Friday, November 27, 2020

New study supports that fingerprints persist over a person’s lifetime

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Michael Whyte
Crime Scene Officer and Fingerprint Expert with over 12 years experience in Crime Scene Investigation and Latent Print Analysis. The opinions or assertions contained on this site are the private views of the author and are not to be construed as those of any professional organisation or policing body.
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In what could put an end to controversies surrounding admissibility of fingerprint evidence in courts of law, a new study has found that fingerprint pattern remains stable over time.

“We wanted to answer the question that has plagued law enforcement and forensic science for decades: Is fingerprint pattern persistent over time?” said Anil Jain, professor at the Michigan State University.

“With multilevel statistical modelling, fingerprint recognition accuracy remains stable over time,” Jain, an alumnus of Indian Institute of Technology, (Kanpur) said.

Fingerprints have been used by law enforcement and forensics experts to successfully identify people for more than 100 years.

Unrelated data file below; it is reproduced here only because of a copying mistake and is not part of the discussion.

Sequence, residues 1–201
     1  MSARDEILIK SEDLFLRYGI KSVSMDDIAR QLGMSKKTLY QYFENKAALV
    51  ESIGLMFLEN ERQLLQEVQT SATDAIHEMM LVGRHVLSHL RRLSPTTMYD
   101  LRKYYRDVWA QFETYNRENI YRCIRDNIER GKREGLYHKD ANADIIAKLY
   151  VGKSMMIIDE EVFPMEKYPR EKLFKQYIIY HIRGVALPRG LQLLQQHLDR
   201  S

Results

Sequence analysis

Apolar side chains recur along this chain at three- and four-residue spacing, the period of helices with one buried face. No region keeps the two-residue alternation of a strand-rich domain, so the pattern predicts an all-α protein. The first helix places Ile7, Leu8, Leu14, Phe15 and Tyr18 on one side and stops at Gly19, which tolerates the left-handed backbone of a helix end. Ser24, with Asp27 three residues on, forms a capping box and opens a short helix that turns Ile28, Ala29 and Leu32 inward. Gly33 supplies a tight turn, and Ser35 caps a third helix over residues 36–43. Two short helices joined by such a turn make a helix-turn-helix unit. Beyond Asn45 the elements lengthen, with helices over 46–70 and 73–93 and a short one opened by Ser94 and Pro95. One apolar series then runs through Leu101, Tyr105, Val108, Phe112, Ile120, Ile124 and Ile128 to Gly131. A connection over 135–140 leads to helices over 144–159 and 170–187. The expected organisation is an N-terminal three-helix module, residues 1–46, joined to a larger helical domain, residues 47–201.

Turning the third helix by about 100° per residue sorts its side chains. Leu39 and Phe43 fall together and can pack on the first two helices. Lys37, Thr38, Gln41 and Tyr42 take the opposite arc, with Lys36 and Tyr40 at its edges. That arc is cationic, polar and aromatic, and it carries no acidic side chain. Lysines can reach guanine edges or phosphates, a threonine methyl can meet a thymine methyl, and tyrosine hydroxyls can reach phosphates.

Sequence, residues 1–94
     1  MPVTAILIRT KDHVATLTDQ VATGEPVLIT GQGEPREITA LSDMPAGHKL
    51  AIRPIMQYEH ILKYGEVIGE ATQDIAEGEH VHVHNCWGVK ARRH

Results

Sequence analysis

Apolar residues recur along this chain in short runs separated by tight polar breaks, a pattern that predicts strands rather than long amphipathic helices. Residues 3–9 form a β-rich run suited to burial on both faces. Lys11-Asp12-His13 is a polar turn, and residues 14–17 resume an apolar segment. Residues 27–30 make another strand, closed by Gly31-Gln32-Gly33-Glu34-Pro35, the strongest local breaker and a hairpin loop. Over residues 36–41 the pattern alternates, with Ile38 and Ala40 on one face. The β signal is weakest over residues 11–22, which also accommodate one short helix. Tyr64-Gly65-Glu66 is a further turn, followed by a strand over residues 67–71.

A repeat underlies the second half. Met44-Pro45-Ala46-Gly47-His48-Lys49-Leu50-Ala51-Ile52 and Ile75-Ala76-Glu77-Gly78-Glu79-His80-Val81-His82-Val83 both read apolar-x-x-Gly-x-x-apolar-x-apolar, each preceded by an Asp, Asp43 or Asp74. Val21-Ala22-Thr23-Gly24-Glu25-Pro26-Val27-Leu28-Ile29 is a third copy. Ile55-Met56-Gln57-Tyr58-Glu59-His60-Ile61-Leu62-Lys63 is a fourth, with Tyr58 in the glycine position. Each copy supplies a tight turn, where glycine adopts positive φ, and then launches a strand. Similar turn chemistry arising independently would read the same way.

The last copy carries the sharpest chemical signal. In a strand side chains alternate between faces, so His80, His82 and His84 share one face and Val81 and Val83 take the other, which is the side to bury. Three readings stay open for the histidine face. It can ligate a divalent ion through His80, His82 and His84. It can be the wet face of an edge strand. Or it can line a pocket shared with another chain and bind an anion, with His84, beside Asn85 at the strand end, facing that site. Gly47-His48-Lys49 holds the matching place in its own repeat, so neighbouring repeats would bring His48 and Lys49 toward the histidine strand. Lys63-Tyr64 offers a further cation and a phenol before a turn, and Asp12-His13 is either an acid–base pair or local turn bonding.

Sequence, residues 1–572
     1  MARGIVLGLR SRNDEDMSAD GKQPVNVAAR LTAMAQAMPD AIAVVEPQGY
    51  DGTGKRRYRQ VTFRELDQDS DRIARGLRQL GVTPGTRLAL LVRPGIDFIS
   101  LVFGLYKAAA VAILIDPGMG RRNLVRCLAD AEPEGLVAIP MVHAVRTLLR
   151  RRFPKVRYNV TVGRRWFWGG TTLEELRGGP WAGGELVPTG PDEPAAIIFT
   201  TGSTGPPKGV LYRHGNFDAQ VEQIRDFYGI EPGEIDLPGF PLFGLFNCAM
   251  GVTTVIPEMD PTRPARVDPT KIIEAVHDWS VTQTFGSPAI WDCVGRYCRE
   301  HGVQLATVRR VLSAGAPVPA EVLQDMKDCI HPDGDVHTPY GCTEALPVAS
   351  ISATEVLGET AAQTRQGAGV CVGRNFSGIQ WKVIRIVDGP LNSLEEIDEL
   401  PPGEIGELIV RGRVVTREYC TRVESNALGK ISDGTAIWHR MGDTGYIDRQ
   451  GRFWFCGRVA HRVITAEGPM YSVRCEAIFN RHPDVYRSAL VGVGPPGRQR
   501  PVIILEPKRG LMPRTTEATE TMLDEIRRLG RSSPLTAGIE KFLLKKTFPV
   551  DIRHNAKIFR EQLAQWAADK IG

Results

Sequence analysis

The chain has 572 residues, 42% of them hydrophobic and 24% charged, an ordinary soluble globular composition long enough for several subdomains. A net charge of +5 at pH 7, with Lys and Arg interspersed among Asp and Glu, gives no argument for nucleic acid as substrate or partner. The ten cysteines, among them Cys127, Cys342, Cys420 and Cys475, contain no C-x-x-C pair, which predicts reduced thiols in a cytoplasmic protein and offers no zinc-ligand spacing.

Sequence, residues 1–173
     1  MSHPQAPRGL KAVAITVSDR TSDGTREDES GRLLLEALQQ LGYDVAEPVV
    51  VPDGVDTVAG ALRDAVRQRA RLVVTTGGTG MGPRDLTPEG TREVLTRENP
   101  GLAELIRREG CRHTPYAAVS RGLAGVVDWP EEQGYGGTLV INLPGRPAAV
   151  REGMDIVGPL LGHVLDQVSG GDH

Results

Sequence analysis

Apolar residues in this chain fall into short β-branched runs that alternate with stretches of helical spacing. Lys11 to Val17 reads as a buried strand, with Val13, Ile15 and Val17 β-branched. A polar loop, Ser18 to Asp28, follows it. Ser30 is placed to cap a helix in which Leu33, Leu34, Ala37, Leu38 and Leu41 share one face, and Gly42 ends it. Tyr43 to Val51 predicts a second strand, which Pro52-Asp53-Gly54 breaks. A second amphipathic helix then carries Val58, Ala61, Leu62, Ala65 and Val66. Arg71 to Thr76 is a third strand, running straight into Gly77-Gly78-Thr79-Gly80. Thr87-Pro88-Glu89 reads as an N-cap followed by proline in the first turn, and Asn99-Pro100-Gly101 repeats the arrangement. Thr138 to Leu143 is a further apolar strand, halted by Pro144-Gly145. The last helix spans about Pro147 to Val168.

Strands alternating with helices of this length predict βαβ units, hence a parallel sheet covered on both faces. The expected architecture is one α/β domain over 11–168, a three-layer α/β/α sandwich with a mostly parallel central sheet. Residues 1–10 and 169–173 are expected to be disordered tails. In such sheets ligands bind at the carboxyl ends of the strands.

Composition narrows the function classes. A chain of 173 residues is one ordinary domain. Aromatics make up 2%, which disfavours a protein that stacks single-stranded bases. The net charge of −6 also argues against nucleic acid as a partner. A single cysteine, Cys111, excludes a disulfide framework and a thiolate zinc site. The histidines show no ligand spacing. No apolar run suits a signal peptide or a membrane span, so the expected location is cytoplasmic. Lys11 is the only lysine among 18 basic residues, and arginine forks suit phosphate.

Though fingerprints are assumed to be infallible personal identifiers, there has been little scientific research to prove this claim to be true. As such, there have been repeated challenges to the admissibility of fingerprint evidence in courts of law.

The researchers used fingerprint records of 15,597 subjects apprehended multiple times by the Michigan State Police over a time span varying from five to 12 years.

The results said fingerprint recognition accuracy does not change even as the time between two fingerprints being compared increases.

Experts agree that Jain’s research addresses one of the most fundamental issues in fingerprint identification and is of great importance to law enforcement and forensic science.

“This study is one of the fundamental pieces of research on a topic that has always been taken for granted. The permanence of fingerprints has not been systematically studied since the seminal work of Herschel was presented in Galton’s book: Finger Prints (1892, Macmillian & Co.),” professor Christophe Champod from Universite de Lausanne, Switzerland, said.

“This study is a monumental achievement and one that will benefit forensic science teams worldwide,” Captain Greg Michaud, director of the Forensic Science Division, Michigan State Police, said.

The research was published in the journal Proceedings of the National Academy of Sciences.

Read More: Business Standard

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